>6 MrsLee: Next time, beat it less time. The dough gets tough when you beat it too long. Replace some of the flour with cornstarch (no more than 1/4 cup). Get new baking soda as well.

Jan 12, 7:17pm Top

>8 lesmel: All of the above. Did the recipe call for cake flour? That and the soda sound like the culprits. I am not much of a baker; but I have been told it is better to hand mix the dry ingredients into the wet ingredients. That way, you can better judge when everything has just incorporated.

Jan 12, 8:23pm Top

>7 Lyndatrue: & >8 lesmel: Thank you. I think I got confused by reading the cake recipe in Julia Child's book, where you beat the egg yolks until they form ribbons, and this book, where baking soda is used.

Of course you know what this means? I will have to bake another cake! Perfection will be found. Hopefully sooner than I'm doing with my sourdough bread.

Jan 13, 10:40am Top

Will be making some taco meat out of elk burger today. Also the lemon and orange curd, which reminds me, I'm going to go eat a piece of cake for breakfast.

I printed out a copy of a recipe for sourdough naan. Rather excited to try it, so I might do so. If that is the case, then perhaps instead of a Mexican/taco flavor in the elk meat, I should go for a curry flavor. Hmmmm. Yep. Now I get to go search my Curry cookbook to find the most suitable recipe. I also have some squash and cauliflower to cook, both of those will be good with a curry setting.

Jan 13, 1:22pm Top

May I suggest googling a kheema curry? (kheema = mince)

Jan 13, 6:14pm Top

>11 hfglen: Actually, I'm going to try boboti. That is what I have a recipe for. :) I have all the ingredients, so a big plus. The custard on top gives me pause, but I will try most anything once.

Jan 14, 4:43am Top

Brilliant! In Bo-Kaap (its spiritual home) it would come with yellow rice (turmeric and cinnamon sticks), but Leipoldt insists than only plain white steamed rice should ever be considered. Pity I'm probably too late, or I'd send you off to your nearest South African shop / online dealer in search of a bottle of Mrs Ball's chutney. Nothing else is quite like it, and some Anglo-Indian chutneys are very different.

Edited: Jan 14, 9:05am Top

>13 hfglen: Here is my effort. The recipe called for bread soaked in milk. It also called for Mrs. Ball's chutney in the bobotie, but not having a source nearby, I used some of the pear/mango chutney I made this summer. Fantastic! All reservations about the custard on top are gone. This was so good! Real comfort food.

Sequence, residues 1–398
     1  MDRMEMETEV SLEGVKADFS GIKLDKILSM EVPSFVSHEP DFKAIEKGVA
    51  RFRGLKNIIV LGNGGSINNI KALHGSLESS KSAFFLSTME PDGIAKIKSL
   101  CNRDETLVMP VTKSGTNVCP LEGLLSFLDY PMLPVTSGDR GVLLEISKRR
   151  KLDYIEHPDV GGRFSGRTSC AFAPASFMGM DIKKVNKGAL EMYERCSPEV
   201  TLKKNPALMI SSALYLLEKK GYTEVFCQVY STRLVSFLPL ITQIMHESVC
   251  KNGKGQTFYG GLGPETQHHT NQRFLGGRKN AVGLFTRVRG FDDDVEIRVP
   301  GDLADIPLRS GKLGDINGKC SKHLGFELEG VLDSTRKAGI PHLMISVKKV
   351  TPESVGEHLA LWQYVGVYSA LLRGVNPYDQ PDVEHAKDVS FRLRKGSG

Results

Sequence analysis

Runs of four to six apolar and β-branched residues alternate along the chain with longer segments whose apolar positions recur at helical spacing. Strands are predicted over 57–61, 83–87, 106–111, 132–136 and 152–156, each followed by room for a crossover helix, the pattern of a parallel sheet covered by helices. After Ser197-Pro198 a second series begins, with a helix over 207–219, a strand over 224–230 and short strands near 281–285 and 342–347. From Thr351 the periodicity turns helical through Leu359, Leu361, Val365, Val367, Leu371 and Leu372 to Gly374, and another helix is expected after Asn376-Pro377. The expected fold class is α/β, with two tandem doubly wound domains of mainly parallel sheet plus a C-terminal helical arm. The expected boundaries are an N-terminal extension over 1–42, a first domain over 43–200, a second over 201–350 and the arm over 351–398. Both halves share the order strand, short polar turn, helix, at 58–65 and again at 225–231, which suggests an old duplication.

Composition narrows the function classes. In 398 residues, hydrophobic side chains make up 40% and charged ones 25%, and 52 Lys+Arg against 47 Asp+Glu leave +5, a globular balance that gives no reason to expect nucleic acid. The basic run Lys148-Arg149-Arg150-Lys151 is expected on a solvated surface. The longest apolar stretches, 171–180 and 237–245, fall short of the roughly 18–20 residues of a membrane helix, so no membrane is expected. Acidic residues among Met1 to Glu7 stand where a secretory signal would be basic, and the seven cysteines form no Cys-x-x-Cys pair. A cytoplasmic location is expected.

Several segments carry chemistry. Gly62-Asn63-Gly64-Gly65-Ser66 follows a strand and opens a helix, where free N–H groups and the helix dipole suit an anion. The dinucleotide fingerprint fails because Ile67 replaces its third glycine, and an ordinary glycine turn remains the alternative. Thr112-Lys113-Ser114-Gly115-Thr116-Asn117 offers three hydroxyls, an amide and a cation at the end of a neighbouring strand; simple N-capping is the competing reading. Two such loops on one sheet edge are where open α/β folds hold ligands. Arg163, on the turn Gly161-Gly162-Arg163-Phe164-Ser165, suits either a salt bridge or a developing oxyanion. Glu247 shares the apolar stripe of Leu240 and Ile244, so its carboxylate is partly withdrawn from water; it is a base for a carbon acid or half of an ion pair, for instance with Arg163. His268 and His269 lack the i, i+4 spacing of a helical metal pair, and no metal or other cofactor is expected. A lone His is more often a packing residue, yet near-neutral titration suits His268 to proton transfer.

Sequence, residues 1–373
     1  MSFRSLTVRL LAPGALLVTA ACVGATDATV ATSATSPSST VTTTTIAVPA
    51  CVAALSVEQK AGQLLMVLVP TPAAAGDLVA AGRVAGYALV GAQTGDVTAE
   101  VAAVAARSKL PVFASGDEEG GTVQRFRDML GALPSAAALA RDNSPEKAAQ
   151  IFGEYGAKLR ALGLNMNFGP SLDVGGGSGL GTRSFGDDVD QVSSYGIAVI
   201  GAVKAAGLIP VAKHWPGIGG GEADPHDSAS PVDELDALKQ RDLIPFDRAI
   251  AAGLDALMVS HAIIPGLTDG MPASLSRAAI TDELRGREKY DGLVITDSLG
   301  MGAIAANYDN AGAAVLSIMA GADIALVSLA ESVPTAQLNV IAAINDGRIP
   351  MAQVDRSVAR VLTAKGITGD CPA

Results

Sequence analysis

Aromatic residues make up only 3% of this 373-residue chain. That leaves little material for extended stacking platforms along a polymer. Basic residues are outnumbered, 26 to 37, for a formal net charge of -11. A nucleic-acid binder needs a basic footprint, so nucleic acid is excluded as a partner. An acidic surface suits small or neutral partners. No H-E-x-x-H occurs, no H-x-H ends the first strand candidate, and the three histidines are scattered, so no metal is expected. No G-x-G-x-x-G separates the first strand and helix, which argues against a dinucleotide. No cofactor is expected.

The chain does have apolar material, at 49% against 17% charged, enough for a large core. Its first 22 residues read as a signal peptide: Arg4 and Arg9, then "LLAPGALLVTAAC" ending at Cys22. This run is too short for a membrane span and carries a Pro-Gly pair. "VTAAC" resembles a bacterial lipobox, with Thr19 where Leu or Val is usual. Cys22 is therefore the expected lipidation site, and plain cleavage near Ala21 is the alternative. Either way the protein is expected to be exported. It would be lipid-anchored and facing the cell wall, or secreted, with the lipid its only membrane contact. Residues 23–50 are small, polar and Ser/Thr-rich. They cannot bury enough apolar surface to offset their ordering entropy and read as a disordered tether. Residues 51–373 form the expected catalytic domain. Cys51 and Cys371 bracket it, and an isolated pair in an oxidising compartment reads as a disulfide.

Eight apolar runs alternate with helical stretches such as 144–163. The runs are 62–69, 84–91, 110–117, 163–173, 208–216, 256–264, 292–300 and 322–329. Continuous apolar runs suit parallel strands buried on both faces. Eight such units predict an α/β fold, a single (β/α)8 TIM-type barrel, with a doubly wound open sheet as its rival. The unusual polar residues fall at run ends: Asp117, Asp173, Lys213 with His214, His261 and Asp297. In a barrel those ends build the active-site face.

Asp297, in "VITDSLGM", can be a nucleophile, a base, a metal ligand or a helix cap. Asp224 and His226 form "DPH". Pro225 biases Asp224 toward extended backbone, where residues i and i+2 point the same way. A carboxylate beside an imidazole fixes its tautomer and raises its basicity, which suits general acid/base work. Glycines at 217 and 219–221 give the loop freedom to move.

I took a swerve from tradition and served the sourdough naan I made earlier. Brushed it with butter, sprinkled with sesame seeds and salt. Yum! I think as I get a feel for the naan I will do better. There were several steps that needed experience, but I only had intuition. Now I have a little experience too. It came out flatter than naan I am used to, but tasted wonderful. Best immediately out of the broiler, we tried it then, but it stiffened up a bit waiting for the bobotie to finish cooking. That took about 20 more minutes than the recipe said.

Oh! I learned that I can cook with lemon leaves! Somehow, even though I use kefir lime leaves, that fact never entered my head. They impart a delicate lemon flavor into to custard, although, husband discovered that you don't eat them when he was sucking the custard out of them. They are bitter.

One thing about living in California, I can grow some of the unicorn ingredients for recipes. I have lemon grass, a lime tree, I got a banana plant for Christmas so I can use the leaves to wrap things and steam or grill or bake them. There is a lot more in my yard that is edible.

Edited: Jan 14, 10:19am Top

That looks like a bobotie should! Maybe a few seconds under the grill to tan the custard a bit, and you've got it nailed. Now the other thing you need, unless you're strictly following Bo-Kaap tradition (where the vast majority are Muslims and keep a halaal table) would be a nice, well aged Pinotage to go with it (you can always claim to be following Leipoldt and making a Boere-bobotie) -- Platter lists scores of examples, from 5* downwards.